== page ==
COMEDY: T.J. Miller
The sometimes-controversial comedian and actor T.J. Miller takes the stage Friday and Saturday at the Funny Bone in Liberty Township. A headlining comedian for years, he is perhaps better known as an actor thanks to his run on the hit HBO series Silicon Valley. He left that show after two seasons, much to the dismay of fans including Jimmy Kimmel, who asked Miller about it last year on his talk show. Miller explained he simply wanted to spend more time with his wife in New York and that the plot presented a good exit point. On stage, Miller’s act can be described as “contained silliness.” “That’s a pretty good way of putting it,” he says. “I don’t think I’ve ever heard that exact phrase. I like to think that I’m a very polite maniac.” Miller offers up a variety of comedy in his set. “There’s observational stuff, true stories, then there are things that are just absurdist notions,” he says. Miller has been in the news in recent years for everything from calling in a fake bomb threat on an Amtrak train to allegedly assaulting an Uber driver over a disagreement about Donald Trump to allegations of sexual abuse while he was in college at George Washington University. “People need a villain, and I’m occupying that space,” he told Vulture in an interview published in 2017. “Nobody right now is publicly the Lindsay Lohan–train wreck–but–not–quite person. If I’d just said it was an honor to work on Silicon Valley and was thankful to Alec Berg, I would have disappeared. Instead, by being just a little authentic, I infected the news cycle. ...It’s more important to be polarizing than neutralizing. That’s my position.” More info here. 7:30 and 10 p.m. Friday; 7 and 10 p.m. Saturday. $25-$55. Funny Bone Liberty, 7518 Bales St., Liberty Township, liberty.funnybone.com.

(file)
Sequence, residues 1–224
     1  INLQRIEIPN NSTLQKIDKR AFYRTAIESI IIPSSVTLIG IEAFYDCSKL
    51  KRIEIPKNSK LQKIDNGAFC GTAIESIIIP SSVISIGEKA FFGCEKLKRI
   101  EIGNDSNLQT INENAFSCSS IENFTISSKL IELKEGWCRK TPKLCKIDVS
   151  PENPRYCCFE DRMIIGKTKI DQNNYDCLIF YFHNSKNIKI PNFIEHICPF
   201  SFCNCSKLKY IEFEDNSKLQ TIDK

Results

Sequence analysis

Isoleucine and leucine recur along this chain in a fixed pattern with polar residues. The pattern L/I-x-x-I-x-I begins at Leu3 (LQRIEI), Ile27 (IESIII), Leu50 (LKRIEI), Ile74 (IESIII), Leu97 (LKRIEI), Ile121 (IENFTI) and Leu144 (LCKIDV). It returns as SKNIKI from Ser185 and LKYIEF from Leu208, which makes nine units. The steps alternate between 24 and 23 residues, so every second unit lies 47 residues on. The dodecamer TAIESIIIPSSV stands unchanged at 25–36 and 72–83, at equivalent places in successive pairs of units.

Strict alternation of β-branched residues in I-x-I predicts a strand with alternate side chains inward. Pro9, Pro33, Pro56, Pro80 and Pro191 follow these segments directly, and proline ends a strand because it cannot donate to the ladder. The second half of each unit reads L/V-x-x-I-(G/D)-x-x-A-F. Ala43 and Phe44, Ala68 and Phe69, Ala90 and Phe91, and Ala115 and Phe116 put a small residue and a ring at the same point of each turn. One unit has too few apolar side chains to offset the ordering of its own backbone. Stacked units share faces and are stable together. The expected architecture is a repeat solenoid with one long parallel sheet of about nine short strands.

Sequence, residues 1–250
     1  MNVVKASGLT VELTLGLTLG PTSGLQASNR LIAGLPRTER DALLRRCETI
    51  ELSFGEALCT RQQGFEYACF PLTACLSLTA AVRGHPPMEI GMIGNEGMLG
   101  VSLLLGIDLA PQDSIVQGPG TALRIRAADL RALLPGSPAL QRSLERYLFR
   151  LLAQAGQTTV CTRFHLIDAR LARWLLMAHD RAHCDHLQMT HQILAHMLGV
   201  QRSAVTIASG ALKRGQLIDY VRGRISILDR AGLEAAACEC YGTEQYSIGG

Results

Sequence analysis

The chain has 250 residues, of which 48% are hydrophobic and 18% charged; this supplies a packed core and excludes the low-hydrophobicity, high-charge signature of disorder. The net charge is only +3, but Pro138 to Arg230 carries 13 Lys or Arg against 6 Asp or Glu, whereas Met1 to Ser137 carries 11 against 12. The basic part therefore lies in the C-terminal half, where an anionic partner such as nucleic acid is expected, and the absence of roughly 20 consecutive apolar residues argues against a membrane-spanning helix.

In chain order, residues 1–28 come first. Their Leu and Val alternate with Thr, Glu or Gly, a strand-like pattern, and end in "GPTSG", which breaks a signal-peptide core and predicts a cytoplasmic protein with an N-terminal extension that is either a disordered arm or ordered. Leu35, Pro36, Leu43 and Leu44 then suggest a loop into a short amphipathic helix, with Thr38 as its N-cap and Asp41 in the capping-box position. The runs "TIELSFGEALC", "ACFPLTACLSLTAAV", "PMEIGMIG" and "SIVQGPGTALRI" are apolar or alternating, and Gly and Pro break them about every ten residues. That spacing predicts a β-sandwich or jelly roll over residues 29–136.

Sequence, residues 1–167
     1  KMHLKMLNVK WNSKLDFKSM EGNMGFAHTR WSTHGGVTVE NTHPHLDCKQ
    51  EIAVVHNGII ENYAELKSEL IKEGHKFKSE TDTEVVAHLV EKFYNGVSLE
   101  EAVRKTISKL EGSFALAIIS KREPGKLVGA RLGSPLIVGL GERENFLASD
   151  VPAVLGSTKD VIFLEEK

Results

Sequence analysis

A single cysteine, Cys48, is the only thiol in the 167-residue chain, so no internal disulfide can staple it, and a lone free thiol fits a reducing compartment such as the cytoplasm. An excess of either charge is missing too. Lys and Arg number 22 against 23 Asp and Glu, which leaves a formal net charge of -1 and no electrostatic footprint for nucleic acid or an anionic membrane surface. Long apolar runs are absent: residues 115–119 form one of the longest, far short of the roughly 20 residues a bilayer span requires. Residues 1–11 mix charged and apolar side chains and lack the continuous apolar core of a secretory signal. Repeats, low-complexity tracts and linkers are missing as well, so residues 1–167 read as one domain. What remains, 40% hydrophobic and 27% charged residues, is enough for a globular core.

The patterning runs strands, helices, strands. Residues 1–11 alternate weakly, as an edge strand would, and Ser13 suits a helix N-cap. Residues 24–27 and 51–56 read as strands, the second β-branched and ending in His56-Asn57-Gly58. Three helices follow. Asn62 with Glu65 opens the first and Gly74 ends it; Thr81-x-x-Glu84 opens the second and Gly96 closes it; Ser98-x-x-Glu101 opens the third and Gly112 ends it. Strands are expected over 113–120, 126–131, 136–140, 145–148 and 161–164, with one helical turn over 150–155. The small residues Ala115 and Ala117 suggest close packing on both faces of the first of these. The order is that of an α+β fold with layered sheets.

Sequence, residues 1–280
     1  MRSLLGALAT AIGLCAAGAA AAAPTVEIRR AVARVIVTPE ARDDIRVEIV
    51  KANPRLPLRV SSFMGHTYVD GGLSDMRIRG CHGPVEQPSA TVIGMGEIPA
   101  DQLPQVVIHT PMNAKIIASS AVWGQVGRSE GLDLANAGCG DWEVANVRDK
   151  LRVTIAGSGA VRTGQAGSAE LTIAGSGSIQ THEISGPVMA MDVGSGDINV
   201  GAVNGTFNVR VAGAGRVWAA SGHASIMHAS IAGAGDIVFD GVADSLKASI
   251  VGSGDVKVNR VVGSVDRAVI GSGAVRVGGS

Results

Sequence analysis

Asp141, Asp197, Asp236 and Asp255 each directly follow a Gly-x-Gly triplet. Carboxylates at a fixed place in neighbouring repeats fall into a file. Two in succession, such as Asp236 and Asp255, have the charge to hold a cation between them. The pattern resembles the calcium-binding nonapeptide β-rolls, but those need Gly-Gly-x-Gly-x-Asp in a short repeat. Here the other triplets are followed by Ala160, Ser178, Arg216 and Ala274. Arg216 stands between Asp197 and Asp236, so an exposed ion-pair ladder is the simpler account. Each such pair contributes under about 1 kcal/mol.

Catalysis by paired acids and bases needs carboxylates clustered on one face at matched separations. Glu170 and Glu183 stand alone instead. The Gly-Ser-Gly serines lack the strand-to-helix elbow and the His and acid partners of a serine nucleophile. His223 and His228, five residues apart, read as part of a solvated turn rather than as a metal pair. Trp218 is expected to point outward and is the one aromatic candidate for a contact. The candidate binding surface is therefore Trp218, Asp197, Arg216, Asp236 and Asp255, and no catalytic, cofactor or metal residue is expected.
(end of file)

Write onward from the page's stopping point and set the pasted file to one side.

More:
EVENT: Shutzenfest Cincinnati 2018
America’s longest-running German fest has its roots in medieval times (the era, not the restaurant). A marksman saved a child from an eagle attack by shooting the bird and people began celebrating this event with a festival. Germans brought the Schützenfest to Cincinnati in the 1860s with an event that includes the shooting of a hand-carved eagle, authentic German food, live German music, rides, attractions and German and domestic beer (and wine). 6 p.m.-midnight Friday; 4 p.m.-midnight Saturday; 1-9 p.m. Sunday. Free. Kolping Society, 10235 Mill Road, Finneytown, schuetzenfestcincy.com.
ONSTAGE: Cincinnati Opera's Another Brick in the Wall